In 2014, health care and social assistance workers suffered injuries from workplace violence at a rate more than four times higher than that of private sector employees. What can be done to keep health care workers safe on the job?
As we report in an April news article, National Nurses United, AFL–CIO, and other unions have petitioned the Occupational Safety and Health Administration (OSHA) to create a federal standard for preventing health care workplace violence. OSHA issued a request in December for information on the subject, and held a public hearing in January in which health care workers spoke about their experiences of workplace violence and their ideas for improving safety and protection policies. Through early April, the agency collected comments from the public on a federal standard—but uncertainty surrounds its direction under the Trump administration.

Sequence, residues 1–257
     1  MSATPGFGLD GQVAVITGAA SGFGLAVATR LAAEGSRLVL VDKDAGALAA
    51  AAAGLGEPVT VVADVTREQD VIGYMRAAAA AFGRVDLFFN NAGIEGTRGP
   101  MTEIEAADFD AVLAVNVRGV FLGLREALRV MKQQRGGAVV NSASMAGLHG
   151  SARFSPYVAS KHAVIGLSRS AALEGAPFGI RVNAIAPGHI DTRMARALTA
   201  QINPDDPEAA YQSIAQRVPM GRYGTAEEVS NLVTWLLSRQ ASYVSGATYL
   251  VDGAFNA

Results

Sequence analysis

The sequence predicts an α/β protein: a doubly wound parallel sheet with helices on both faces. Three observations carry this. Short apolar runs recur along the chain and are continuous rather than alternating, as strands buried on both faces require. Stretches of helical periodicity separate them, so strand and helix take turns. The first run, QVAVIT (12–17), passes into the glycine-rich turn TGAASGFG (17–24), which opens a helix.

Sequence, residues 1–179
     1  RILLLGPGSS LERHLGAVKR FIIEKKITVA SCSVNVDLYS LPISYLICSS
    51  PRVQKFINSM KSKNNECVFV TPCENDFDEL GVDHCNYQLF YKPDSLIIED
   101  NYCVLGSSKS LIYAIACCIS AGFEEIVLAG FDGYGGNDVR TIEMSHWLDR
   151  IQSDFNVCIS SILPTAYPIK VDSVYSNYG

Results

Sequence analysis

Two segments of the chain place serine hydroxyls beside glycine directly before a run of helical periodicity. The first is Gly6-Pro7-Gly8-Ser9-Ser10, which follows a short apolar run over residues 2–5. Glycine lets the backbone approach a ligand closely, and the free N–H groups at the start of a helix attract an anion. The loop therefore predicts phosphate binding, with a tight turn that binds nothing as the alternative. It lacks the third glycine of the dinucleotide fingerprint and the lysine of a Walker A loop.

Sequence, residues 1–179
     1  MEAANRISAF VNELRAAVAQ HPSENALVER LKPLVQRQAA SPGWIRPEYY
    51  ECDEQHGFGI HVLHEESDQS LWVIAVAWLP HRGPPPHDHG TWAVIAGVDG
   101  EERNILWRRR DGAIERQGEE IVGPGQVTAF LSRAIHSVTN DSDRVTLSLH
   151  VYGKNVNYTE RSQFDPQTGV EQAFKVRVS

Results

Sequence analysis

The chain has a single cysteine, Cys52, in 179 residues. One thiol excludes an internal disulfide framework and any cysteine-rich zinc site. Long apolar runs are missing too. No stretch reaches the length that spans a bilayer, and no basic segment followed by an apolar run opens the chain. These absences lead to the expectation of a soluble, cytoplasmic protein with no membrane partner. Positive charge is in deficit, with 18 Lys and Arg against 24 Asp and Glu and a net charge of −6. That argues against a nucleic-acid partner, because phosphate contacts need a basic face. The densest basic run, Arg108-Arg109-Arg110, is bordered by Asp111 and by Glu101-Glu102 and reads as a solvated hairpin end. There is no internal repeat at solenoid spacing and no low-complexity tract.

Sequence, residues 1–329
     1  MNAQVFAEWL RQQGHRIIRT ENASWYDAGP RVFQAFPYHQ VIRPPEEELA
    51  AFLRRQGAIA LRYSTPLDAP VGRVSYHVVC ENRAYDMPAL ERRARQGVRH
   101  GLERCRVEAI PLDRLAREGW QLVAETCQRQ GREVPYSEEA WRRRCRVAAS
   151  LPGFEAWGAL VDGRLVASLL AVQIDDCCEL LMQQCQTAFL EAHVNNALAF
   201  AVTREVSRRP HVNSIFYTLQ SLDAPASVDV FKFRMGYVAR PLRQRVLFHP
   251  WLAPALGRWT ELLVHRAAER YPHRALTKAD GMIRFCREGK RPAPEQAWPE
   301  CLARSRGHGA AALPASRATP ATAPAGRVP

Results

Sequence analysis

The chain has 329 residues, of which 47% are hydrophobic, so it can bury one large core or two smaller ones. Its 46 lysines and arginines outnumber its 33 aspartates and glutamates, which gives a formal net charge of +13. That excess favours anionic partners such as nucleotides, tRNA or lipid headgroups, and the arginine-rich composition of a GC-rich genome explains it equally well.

Nine states have enacted measures against workplace violence in health care settings. The toughest of these is California’s Workplace Violence Prevention Health Care standard, which was enacted last year. It requires health care facilities to implement a comprehensive program with multiple components for addressing workplace violence.
See more news stories from our April issue, which are free to access through April 21:
- An Indian Health Service program reduced the incidence of diabetes-related kidney failure among Native Americans by more than half.
- Long-term regular use of NSAIDs and acetaminophen linked to hearing loss in women.
- New guidelines for peanut allergy prevention in children, with a focus on introducing peanut-containing foods during infancy.
- Some professional organizations object to new FDA warning against use of general anesthesia and sedation drugs in young children and pregnant women.